Relaxed censorship policies have lifted many a veil and stories of prostitutes and eunuchs have become hot favourites of production houses. “This can be perceived as an attempt at sensationalism but among the superficial attention grabbers, a sensitising towards a section of the society that has always been treated as outcasts, is taking place at a subliminal level,” asserts Rubina Ashraf. Infidelity in marriage and other stories revolving around women are also being viewed with great public interest. In Manay Na Yeh Dil, Ayesha Khan’s character of Roshni has generated strong viewer sentiments, with people coming up to the young actress and voicing great resentment over the character cheating on her husband. Khamoshiyan, which was shown right after Manay Na Yeh Dil, cast Ayesha in a role as Nauman Aijaz’s obsessive lover. Ayesha feels that after these serials her girl-next-door image came in for considerable flak. “But I guess that is what constitutes good acting, isn’t it?” she says with a laugh. What is noteworthy in all these serials is that there has been a conscious effort to break the image of the macho male, always portrayed as the one in control. Nauman Aijaz’s characters in Jhumka Jaan as well as Khamoshiyan are two cases in point where the men didn’t get away with the audience’s sympathies. In fact, the weak, spineless, poor-me attitude was severely criticised rather than empathised with. On the other hand, highly appreciated has been Sonia Rehman’s characterisation in Mehreen Jabbar’s Doraha, telecast recently on Geo. In a telling scene, she pronounces to her first husband who could not stand up to the pressure of his family and divorced her in a fit of emotion: “I didn’t expect anything from them, it was you I had pinned my hopes upon.” And so, women are finding a voice for themselves and identifying with realistically dramatised situations that strike a chord in many of them.
“Traditionally, the media world has been male-dominated, globally as well as nationally,” emphasises Tasneem Ahmar, director, Uks-Research, Resource and Publication Centre on Women and Media. “Men design and define media policies, priorities and agenda, including how women are portrayed and presented. The ratio of male to female workers in the media is heavily imbalanced in favour of men. It is no wonder, then, that the media is biased against women in many areas. This bias affects images of women in the media, and, in turn, has a negative effect on women’s development in a society.” Tasneem complains that the intellectual capabilities of women get little mention in the local media. “Their abilities as equal partners in development are lost between cooking oils and fairness creams. This is a dangerous trend especially because the clientele are across the board. All women, be they lower, middle or upper class, are subtly being brainwashed to make physical beauty their top priority. The media in Pakistan has no problems when exposing the physical and sexual features of women but is reluctant to bring forward issues of HIV/AIDS, sexual harassment, sex, flesh trade and trafficking on the pretext of obscenity. This is regardless of the fact that each one of these issues is directly linked with poverty, women’s inferior position in society and denial of basic human rights,” says Tasneem.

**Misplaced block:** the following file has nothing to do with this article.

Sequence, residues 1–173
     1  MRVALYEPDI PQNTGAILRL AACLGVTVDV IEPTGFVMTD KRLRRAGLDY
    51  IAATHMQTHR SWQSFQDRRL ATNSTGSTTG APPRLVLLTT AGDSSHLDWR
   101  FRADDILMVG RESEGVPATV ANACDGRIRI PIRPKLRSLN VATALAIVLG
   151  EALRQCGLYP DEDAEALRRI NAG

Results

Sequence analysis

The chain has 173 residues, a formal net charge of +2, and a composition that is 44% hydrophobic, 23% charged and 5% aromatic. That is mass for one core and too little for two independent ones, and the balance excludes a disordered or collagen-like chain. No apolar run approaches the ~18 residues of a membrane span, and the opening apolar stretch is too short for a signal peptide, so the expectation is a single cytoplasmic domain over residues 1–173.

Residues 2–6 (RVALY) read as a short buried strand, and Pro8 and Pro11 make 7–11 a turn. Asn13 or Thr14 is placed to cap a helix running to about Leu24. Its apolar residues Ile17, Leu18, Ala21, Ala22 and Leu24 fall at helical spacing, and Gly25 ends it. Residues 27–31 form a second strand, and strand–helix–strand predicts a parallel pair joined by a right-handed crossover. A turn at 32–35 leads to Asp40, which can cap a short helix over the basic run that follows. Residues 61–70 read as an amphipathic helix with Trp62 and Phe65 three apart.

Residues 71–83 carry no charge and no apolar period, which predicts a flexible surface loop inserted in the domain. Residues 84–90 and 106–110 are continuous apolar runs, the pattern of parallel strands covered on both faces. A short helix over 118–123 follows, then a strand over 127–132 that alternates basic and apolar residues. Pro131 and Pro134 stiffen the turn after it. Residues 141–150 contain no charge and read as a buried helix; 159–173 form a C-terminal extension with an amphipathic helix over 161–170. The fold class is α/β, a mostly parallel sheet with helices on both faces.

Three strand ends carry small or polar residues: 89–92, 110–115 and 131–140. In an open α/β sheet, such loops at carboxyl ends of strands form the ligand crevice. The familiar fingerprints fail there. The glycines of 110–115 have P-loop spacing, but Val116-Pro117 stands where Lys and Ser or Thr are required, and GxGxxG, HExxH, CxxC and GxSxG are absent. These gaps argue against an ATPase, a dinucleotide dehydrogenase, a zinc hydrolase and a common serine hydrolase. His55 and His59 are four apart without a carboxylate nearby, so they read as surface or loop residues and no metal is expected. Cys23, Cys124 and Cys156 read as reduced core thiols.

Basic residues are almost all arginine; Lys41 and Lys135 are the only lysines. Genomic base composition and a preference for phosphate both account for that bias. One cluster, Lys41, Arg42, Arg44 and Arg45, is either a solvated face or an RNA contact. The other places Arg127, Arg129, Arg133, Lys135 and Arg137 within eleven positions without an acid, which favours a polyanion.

Atiqa Odho, who also heads the United Producers Association, believes it is very important to get the right message across to viewers. “Responsibility has to be an integral part of what we make as production houses and I hope we are able to achieve that target. In a country where people read and write so little but watch a lot of television, the electronic media carries a huge responsibility. I have always very deliberately selected very strong women as my characters because I want my work to have a very inspirational element for women. I didn’t want to send across the wrong message. I think women on television have the ability to really motivate and get women to do something with their lives. I think that is where our job really starts.”
Atiqa has recently done a sitcom revolving around her real life persona and, in fact, most senior television actresses have successfully managed to break the traditional ‘boy-girl in their 20s as the main lead’ mould. In fact, if anything, in serials likeMiley Kuch Youn on ARY, with Saba Pervaiz as the main lead involved with a much younger Faisal Rehman, they have clearly overshadowed the younger lot easily. In this aspect, TV One’s Band Khirkiyun Ke Peechay, that is tracking the story of the lives of four upper-class elitist women caught in the confusions and turmoil of sexuality, emotionality and domesticity also deserves mention. “The main idea was to show that everybody, irrespective of class or background, has problems and no matter how glossy lives appear, most are mired in problems,” explains Arjumand Rahim, who came up with the concept of the serial.
While marriage is being deeply focused on, experimentation with gender roles has led to serials like Qatil by Sarmad Khoosat on Aaj TV, where Sania Saeed played an investigative officer in a governmental crime solving agency. A sharp diversion from the norm, Sania was cast as a gun-toting officer, clad in jeans, heading a murder investigation. There was also the hailed series Pas-e-Aina, with Rubina Ashraf cast as a police officer. These two productions tried to give a new dimension to the careers of women on TV, instead of the oft-repeated portrayal of the woman as a teacher/doctor/secretary/businesswoman.
The issue of monitoring how women are portrayed in the media is a complicated one. It involves bringing about a change in the stereotypical representation of women that reflect a patriarchal mindset. Images of women are deeply rooted in traditional social practices that help the media in constructing these representations. The Pakistani woman has a long way to go and the journey isn’t easy by any standards. In Tasneem Ahmar’s words: “There is a need to develop alternative (gender-neutral and non-sexist) concepts, approaches and strategies for women’s development for use by male and female media personnel to enable them to understand, recognise and acknowledge the multi-dimensional roles played by women in society. Everyone involved must play a part in maintaining a responsive environment in which social responsibilities are acknowledged and a genuine discourse on women-related issues is created.”